a. Ohio Court of Appeals Precedent
Under Ohio law, a person who states in his OCRC charge that he is making an
administrative filing only to perfect his right to sue under the ADEA may file a later suit under either
§ 4112.02(N) or § 4112.14(B). Borowski v. State Chem. Mfg. Co., 97 Ohio App. 3d 635, 642-643
(1994). However, this exception does not help Rozek because he made no such statement in his
charge. (Doc. 12-1 at 1).
I begin with the leading decision on this question, Balent v. Nat’l Revenue Corp., 93 Ohio
App. 3d 419, 638 N.E.2d 1064 (1994).
In that case, two plaintiffs who had filed charges with the OCRC sued their employer for age
discrimination. Id. at 1064. Plaintiffs brought suit under § 4112.99, alleging the employer’s conduct
violated the prohibition on age discrimination found in § 4112.02(A).
The common pleas court dismissed the claims, holding that “since [plaintiffs] had elected
to pursue their claim with the OCRC, they were barred from pursuing a judicial remedy.” Id.
On appeal, the Tenth District Court of Appeals held the election-of-remedies requirement
applies to age-discrimination suits under § 4112.99.
The court “admit[ted] that a compelling case may be made for either position on this issue[.]”
Id. at 1065. But in the appellate court’s view, the better rule was that a litigant bringing an agediscrimination claim must elect between a judicial or an administrative remedy:
We reach this conclusion primarily because of our belief that the carefully
constructed requirements of election of remedy set forth, in some detail, in R.C.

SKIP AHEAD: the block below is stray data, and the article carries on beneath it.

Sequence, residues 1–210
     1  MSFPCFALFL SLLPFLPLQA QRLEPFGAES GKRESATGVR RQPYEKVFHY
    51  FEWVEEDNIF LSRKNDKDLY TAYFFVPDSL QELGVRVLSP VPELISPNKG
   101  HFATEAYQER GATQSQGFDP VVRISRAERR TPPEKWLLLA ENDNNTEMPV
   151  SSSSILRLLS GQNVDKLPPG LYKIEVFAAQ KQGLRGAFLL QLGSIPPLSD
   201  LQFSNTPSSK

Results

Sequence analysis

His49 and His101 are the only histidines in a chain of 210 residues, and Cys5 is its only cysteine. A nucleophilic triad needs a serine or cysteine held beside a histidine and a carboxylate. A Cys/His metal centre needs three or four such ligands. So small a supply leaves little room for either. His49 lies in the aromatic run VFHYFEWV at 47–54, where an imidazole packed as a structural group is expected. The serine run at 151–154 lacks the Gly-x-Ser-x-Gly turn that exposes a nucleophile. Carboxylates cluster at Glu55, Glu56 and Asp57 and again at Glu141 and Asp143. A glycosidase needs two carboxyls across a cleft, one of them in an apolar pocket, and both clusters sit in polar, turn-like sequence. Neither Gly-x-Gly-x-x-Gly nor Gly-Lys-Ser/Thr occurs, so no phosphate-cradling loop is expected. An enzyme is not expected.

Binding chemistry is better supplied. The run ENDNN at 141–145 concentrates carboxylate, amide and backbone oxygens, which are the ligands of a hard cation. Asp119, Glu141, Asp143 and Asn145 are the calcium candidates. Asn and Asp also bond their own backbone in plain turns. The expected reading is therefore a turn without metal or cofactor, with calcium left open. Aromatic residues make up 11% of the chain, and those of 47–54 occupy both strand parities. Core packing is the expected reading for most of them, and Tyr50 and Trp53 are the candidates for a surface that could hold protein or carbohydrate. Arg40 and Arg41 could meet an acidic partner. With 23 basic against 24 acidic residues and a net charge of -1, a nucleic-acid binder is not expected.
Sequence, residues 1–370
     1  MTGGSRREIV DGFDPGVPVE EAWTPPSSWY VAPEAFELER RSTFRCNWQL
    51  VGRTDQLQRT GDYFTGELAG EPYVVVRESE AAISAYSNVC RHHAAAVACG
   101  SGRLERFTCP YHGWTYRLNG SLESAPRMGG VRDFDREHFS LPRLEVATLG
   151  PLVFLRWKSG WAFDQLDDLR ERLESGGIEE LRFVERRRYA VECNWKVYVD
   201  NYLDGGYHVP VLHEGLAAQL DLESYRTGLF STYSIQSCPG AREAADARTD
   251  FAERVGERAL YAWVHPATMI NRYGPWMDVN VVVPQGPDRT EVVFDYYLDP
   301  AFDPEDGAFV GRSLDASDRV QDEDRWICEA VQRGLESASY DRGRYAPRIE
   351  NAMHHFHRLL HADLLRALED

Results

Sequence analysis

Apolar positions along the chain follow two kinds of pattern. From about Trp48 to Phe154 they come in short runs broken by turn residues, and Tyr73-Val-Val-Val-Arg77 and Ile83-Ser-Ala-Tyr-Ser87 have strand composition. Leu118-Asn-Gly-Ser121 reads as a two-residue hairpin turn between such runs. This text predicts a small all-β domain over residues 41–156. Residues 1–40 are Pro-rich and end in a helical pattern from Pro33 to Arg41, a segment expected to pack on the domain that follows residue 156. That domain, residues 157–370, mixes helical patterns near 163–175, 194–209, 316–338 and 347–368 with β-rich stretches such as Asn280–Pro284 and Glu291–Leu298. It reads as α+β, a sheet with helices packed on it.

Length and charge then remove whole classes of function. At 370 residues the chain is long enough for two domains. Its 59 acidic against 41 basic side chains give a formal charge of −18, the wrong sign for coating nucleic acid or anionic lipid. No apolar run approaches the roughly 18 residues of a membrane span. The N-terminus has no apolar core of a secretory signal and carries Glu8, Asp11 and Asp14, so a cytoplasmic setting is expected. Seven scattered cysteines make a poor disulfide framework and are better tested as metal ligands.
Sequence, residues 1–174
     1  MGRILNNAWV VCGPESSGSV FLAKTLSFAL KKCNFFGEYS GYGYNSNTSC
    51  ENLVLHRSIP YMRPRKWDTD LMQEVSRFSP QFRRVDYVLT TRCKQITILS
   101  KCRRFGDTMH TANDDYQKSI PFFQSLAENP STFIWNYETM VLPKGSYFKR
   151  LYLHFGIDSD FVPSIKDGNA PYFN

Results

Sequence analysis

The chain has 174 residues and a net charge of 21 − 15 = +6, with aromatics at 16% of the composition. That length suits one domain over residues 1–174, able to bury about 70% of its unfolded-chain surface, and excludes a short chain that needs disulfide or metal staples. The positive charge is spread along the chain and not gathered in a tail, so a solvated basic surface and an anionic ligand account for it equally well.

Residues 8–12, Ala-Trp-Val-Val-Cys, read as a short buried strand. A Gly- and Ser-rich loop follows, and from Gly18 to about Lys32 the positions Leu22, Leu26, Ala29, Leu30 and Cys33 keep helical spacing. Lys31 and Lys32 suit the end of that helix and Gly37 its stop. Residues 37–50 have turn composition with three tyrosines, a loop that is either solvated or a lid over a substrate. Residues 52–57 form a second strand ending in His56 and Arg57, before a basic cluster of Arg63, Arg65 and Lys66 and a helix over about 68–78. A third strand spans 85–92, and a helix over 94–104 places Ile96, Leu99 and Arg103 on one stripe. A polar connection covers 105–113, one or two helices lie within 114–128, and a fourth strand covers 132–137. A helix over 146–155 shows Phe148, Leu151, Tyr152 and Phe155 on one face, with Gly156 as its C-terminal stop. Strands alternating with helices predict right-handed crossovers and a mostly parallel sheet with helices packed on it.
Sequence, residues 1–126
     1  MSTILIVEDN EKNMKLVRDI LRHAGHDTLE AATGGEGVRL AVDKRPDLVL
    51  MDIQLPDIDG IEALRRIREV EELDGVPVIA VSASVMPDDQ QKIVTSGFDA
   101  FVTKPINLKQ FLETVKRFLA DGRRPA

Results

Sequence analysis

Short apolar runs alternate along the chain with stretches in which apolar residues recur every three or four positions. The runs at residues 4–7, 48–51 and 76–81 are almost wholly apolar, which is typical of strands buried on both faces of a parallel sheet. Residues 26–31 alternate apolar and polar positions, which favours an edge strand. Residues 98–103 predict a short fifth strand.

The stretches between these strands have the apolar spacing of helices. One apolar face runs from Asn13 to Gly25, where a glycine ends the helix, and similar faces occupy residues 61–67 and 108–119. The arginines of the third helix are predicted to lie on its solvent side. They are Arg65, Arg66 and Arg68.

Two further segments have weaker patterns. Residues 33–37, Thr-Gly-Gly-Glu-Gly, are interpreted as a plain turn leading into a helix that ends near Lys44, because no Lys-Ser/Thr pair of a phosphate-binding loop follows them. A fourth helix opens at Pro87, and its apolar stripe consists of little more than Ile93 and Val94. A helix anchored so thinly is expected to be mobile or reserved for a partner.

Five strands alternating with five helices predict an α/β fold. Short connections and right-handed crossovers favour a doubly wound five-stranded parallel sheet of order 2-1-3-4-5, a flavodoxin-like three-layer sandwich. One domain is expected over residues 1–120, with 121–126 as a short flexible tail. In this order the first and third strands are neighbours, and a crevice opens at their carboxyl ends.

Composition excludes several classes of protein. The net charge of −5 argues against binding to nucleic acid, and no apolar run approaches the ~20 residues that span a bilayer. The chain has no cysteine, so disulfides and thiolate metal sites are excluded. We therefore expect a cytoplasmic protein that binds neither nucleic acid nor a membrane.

4101.17 and 4112.02(N), and reiterated in 4112.08, can only be taken to express
the legislature’s unambiguous intention to require an election of a single
administrative or statutory remedy when bringing a claim for age discrimination. If
R.C. 4112.99 fails to explicitly perpetuate the scheme set up by prior statutes
addressing age discrimination, it is equally lacking in explicit intent to repeal the
previously established statutory scheme . . . [T]he specific and detailed articulation
of available remedies and interaction between applicable statutes addressing age
discrimination claims must be taken to prevail over the broad terms of R.C. 4112.99.
Id. at 1065.
The prohibition on age-based employment discrimination now found in § 4112.14 was
formerly in another provision of the Revised Code, § 4101.17.
Several cases besides Balent have also held the election requirement applies to agediscrimination suits under § 4112.99. Vinson v. Diamond Triumph Auto Grp., 149 Ohio App. 3d 605,
609 (2002); Neal, supra, 2009 WL 1156706, *3-4.
b. Federal Precedent
The federal district courts in Ohio that have addressed this question have reached conflicting
In Senter, supra, 335 F. Supp. 2d at 851-852, Judge Katz ruled the election-of-remedies bar
precludes a litigant who has filed an administrative charge alleging age discrimination from later
filing suit under § 4112.99.
To reach that conclusion, Senter first relied on “[t]he general consensus of Ohio appellate
courts . . . that the election of remedies scheme for age discrimination claims in Ohio applies to
claims brought under [O.R.C.] § 4112.99.” Id. at 849.
Senter also gave weight to Smith v. Friendship Village of Dublin, Ohio, Inc., 92 Ohio St. 3d
503 (2001), where the Ohio Supreme Court emphasized, in dicta, that victims of age-discrimination
must elect between judicial and administrative remedies.
The question before the court in Smith was whether filing an administrative charge alleging
handicap discrimination forecloses a later suit for such discrimination under § 4112.99.
Answering that question in the negative, the Ohio Supreme Court noted that, unlike the
statutes prohibiting age-based discrimination, the statute forbidding handicap-based discrimination
did not contain an election-of-remedies provision. Smith, supra, 92 Ohio St. 3d at 506.